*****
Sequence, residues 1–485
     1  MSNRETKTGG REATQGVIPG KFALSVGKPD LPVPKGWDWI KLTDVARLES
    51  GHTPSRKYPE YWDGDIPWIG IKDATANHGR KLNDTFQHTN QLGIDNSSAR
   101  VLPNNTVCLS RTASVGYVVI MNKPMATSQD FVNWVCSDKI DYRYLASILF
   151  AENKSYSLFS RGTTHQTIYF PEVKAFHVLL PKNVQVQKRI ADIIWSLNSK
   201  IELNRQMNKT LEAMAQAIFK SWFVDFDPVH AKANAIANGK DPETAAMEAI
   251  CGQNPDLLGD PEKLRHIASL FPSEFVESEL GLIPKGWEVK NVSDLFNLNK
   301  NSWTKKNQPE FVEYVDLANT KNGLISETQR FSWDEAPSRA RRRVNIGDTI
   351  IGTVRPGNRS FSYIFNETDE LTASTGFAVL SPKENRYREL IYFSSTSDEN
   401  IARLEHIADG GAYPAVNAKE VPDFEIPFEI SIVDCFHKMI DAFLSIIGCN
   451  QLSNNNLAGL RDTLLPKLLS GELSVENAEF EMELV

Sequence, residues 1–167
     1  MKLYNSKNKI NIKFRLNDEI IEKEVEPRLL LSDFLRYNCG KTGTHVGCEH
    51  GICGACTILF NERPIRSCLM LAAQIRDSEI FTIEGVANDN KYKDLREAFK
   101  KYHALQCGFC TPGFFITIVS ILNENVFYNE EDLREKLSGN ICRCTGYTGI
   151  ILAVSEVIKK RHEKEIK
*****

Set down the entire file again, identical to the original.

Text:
Sequence, residues 1–485
     1  MSNRETKTGG REATQGVIPG KFALSVGKPD LPVPKGWDWI KLTDVARLES
    51  GHTPSRKYPE YWDGDIPWIG IKDATANHGR KLNDTFQHTN QLGIDNSSAR
   101  VLPNNTVCLS RTASVGYVVI MNKPMATSQD FVNWVCSDKI DYRYLASILF
   151  AENKSYSLFS RGTTHQTIYF PEVKAFHVLL PKNVQVQKRI ADIIWSLNSK
   201  IELNRQMNKT LEAMAQAIFK SWFVDFDPVH AKANAIANGK DPETAAMEAI
   251  CGQNPDLLGD PEKLRHIASL FPSEFVESEL GLIPKGWEVK NVSDLFNLNK
   301  NSWTKKNQPE FVEYVDLANT KNGLISETQR FSWDEAPSRA RRRVNIGDTI
   351  IGTVRPGNRS FSYIFNETDE LTASTGFAVL SPKENRYREL IYFSSTSDEN
   401  IARLEHIADG GAYPAVNAKE VPDFEIPFEI SIVDCFHKMI DAFLSIIGCN
   451  QLSNNNLAGL RDTLLPKLLS GELSVENAEF EMELV

Sequence, residues 1–167
     1  MKLYNSKNKI NIKFRLNDEI IEKEVEPRLL LSDFLRYNCG KTGTHVGCEH
    51  GICGACTILF NERPIRSCLM LAAQIRDSEI FTIEGVANDN KYKDLREAFK
   101  KYHALQCGFC TPGFFITIVS ILNENVFYNE EDLREKLSGN ICRCTGYTGI
   151  ILAVSEVIKK RHEKEIK